I’m a dietitian. I speak with patients about their diet. Once, I prescribed diabetic meals for a patient. He didn’t like it so he told a nurse he was going to get a gun and shoot me.
I’ve learned you can’t downplay our patients' verbal threats, including yelling and swearing. These behaviours can take an emotional and physical toll on you over time. It helps to debrief with peers after incidents. And sometimes we need to ask the Critical Incident Stress Management Team for support.
I take steps to protect myself from violence. I keep my violence prevention training up-to-date. And I get involved in mock-training drills to practice de-escalating aggressive or violent patients. The training techniques have helped to ensure I get home safe after work each day.
On the job I take note where phone and panic buttons are. I check if the clinic room enables a quick exit without a patient blocking me. In classroom settings with two exits, I place myself close to one of the doors. And when working alone with a patient I inform my co-workers so help is there if I need it.
Code White Teams have our backs - I'm thankful for that. They are a team of trained personnel who respond to codes for aggressive or violent behaviour. They regain control of the room and help to prevent what might otherwise have dire outcomes.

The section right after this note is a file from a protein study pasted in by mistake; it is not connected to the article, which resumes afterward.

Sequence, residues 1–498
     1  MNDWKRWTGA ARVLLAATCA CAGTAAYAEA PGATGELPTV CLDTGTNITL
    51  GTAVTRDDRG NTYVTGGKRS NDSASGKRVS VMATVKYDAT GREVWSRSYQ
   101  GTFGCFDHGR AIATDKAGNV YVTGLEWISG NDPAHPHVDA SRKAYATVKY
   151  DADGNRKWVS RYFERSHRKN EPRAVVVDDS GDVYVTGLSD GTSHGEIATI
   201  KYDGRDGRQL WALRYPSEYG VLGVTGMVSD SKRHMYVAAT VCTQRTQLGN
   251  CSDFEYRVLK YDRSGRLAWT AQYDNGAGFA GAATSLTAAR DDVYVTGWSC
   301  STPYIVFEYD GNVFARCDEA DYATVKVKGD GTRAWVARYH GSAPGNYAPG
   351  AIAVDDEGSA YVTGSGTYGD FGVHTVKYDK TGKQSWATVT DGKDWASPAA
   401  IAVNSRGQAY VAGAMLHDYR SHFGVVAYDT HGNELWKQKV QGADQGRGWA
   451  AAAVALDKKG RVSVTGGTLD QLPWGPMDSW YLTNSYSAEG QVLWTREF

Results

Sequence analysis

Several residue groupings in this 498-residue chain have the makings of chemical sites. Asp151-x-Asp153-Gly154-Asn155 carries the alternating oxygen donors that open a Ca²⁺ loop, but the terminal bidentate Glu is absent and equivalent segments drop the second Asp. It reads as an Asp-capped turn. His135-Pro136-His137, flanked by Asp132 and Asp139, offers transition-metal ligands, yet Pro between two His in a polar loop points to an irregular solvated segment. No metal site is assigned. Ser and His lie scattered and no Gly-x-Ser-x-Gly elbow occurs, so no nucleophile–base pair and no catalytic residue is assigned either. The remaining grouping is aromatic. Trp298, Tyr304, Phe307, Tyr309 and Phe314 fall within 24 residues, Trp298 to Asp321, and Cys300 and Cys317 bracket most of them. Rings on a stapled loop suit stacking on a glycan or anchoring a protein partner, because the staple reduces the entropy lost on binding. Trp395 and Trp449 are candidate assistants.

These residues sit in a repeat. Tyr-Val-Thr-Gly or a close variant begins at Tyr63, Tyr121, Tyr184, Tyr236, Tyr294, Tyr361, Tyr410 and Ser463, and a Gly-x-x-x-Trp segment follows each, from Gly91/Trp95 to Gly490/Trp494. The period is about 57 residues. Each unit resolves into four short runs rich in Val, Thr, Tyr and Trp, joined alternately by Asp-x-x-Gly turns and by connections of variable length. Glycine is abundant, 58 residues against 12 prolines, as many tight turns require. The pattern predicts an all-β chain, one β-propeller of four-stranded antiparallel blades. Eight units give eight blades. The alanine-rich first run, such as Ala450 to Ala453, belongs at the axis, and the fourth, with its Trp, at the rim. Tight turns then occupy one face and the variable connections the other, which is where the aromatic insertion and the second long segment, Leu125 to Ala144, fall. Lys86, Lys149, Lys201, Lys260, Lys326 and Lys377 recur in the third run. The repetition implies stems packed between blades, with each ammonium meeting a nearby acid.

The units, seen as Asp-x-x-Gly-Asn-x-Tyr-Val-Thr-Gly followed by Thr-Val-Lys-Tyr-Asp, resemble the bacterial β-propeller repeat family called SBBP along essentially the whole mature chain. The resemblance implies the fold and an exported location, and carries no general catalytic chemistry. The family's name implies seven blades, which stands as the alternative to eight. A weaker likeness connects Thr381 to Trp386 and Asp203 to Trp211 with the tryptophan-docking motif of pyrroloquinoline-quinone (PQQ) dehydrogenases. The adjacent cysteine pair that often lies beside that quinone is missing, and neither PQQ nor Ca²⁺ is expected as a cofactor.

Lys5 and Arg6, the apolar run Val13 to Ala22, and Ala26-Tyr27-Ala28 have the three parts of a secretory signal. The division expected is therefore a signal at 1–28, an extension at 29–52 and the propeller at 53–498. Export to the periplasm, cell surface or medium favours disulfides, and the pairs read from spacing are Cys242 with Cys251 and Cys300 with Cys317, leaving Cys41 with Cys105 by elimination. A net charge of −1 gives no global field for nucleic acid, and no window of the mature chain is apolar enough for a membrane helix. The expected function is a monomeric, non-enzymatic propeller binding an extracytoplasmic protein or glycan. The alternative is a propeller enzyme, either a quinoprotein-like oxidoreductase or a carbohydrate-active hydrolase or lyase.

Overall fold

We have strong safety systems in place. But we could do a better job of taking responsibility for communicating risk to our peers. When a patient has the potential for violent outbursts, we need to report it to co-workers so they can take steps. And at times security services need to lend a hand.
Our ALERT system helps communicate potential risks for aggressive behaviours. A purple dot is placed on the patient’s medical record, client chart, Kardex, and room nameplate if they are known to be aggressive. It signals us to read the patient’s care plan for triggers and strategies to prevent violence. Daily I check my patient care plans for ALERTs before approaching my patients.
Family physicians can help too. If their patient can be hostile they need to report it on their referral to us. The first time I take a patient into a clinic room I need to know there is increased risk so I can prepare ahead.
When violent incidents do occur we need to report them. If we don’t report a problem it cannot get fixed. Sometimes after experiencing an incident we struggle and feel "it’s just me," or "it’s part of the job". But it’s not just you. And it’s not part of the job.
Violence in health care is a serious matter. I take the safety of my colleagues to heart.
We each play a part in keeping our environments safe. It's not okay to say “that’s for someone else to do” because an injury could result and affect someone for life. That would be devastating for everyone.
Marg is a dietitian working at Jim Pattison Outpatient Care and Surgery Centre. She is a member of the local Joint Occupational Safety and Health Committee and the Regional Violence Prevention Committee for Fraser Health. Marg has served on the Board of Directors for the Provincial Health Sciences Association for 10 years.
Marg’s story is one in a series where employees reveal their experience of violence to help build compassion for health care providers, educate the public and make our sites safer.